When they initiated a digital transformation journey, a critical pain point to tackle was the long delivery cycles lasting from one to six months. Therefore, it was essential for them to measure how the Kanban-empowered workflow adjustments affected the teams’ performance.   

As such, gradually applying Kanban practices like work visualization, defining WIP limits, introducing feedback loops, and having the right tools to measure the accumulated effect, allowed them to reduce their cycle time and stabilize their process. Keeping a close eye on the cycle times created a more stable and predictable process. Furthermore, looking at a cycle time trend line allowed teams to narrow down where they needed to focus their improvement efforts.

measuring cycle time on a histogram in  boa vista
Measuring cycle times using the Cycle Time Histogram chart in Kanbanize 

6. Tracking Throughput

The throughput metric counts the number of work items completed in a given period on the Kanban board. It is a key metric that measures performance and shows your process’s effectiveness. Tracking throughput helps you maintain a stable workflow and provides you with accurate delivery forecasts about future delivery.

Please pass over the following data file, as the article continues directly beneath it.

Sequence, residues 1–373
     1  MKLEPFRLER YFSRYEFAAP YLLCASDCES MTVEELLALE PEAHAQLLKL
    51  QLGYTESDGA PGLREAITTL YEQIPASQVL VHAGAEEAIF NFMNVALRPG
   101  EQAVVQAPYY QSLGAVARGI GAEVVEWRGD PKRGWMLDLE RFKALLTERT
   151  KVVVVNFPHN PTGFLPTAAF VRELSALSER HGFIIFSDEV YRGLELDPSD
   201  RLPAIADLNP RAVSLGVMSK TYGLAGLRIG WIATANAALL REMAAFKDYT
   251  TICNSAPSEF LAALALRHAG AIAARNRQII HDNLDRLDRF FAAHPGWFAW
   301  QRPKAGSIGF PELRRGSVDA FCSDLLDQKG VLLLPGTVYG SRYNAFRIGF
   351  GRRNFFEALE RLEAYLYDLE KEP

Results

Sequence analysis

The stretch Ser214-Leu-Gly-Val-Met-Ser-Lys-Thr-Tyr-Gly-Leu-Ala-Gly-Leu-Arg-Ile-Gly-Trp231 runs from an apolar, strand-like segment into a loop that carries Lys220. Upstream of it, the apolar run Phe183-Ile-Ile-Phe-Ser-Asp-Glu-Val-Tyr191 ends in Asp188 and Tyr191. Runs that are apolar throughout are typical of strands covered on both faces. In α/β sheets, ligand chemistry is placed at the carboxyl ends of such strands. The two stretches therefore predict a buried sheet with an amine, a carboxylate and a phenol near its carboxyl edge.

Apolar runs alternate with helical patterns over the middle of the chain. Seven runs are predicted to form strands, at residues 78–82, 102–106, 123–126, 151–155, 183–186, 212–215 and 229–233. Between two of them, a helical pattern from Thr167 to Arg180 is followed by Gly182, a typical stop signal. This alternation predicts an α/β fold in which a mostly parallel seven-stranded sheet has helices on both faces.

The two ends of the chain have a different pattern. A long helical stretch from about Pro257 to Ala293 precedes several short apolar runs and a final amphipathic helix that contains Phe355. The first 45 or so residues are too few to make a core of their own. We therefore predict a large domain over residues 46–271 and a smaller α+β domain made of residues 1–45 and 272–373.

Let’s see how that works in practice.

  • A Real-Life Example of Doubling Team’s Throughput in 12 months

The Software Development team in the Mechanization department of Sensata started an initiative to improve their workflow using the Kanban method. They needed to increase the team’s throughput and deliver value faster with better predictability.  

The team started by applying various Kanban practices such as work visualization, adding queuing stages, defining work policies, introducing work types and classes of service, and work-in-progress limits to set a well-functioning Kanban system. As a result, a year after the initiative was started, the team’s throughput increased from 17 (average number of completed requests March-May 2020) to 43 (average number of completed requests March-May 2021). 

measuring average throughput rate in sensata
Visualization of average throughput rate in Kanbanize 

In a nutshell

Regardless of the nature of our business or how many people are involved, task boards help us plan, manage and optimize our processes way more effortlessly. Considering the broad options out there, you need to choose carefully what type of board would work best for your use case. There is no right and wrong option but rather what your goals are.

If you are looking for a simple work management tool, task boards are your solution. In contrast, Kanban boards bring a more advanced work structure while transforming your entire mindset and company’s culture. As long as it works for you, go for it!